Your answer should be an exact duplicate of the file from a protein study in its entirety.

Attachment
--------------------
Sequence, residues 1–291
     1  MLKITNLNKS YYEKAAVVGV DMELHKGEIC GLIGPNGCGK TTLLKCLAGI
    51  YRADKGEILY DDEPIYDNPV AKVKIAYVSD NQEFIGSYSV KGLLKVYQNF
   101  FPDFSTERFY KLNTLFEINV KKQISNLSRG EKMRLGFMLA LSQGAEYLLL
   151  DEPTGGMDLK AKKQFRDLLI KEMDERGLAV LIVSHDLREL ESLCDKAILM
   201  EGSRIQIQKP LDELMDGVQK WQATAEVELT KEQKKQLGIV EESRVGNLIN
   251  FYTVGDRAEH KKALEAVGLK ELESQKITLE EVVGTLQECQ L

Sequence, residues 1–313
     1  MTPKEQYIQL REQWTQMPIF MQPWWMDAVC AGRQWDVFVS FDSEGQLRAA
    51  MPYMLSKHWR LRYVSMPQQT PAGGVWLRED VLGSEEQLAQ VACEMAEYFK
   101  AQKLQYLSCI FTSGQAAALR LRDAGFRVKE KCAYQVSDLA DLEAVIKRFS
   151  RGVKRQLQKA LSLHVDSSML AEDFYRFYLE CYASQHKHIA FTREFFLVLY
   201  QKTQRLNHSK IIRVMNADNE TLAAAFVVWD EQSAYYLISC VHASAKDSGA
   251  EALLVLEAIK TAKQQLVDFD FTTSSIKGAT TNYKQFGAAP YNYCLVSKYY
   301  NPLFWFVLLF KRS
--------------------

Sequence, residues 1–291
     1  MLKITNLNKS YYEKAAVVGV DMELHKGEIC GLIGPNGCGK TTLLKCLAGI
    51  YRADKGEILY DDEPIYDNPV AKVKIAYVSD NQEFIGSYSV KGLLKVYQNF
   101  FPDFSTERFY KLNTLFEINV KKQISNLSRG EKMRLGFMLA LSQGAEYLLL
   151  DEPTGGMDLK AKKQFRDLLI KEMDERGLAV LIVSHDLREL ESLCDKAILM
   201  EGSRIQIQKP LDELMDGVQK WQATAEVELT KEQKKQLGIV EESRVGNLIN
   251  FYTVGDRAEH KKALEAVGLK ELESQKITLE EVVGTLQECQ L

Sequence, residues 1–313
     1  MTPKEQYIQL REQWTQMPIF MQPWWMDAVC AGRQWDVFVS FDSEGQLRAA
    51  MPYMLSKHWR LRYVSMPQQT PAGGVWLRED VLGSEEQLAQ VACEMAEYFK
   101  AQKLQYLSCI FTSGQAAALR LRDAGFRVKE KCAYQVSDLA DLEAVIKRFS
   151  RGVKRQLQKA LSLHVDSSML AEDFYRFYLE CYASQHKHIA FTREFFLVLY
   201  QKTQRLNHSK IIRVMNADNE TLAAAFVVWD EQSAYYLISC VHASAKDSGA
   251  EALLVLEAIK TAKQQLVDFD FTTSSIKGAT TNYKQFGAAP YNYCLVSKYY
   301  NPLFWFVLLF KRS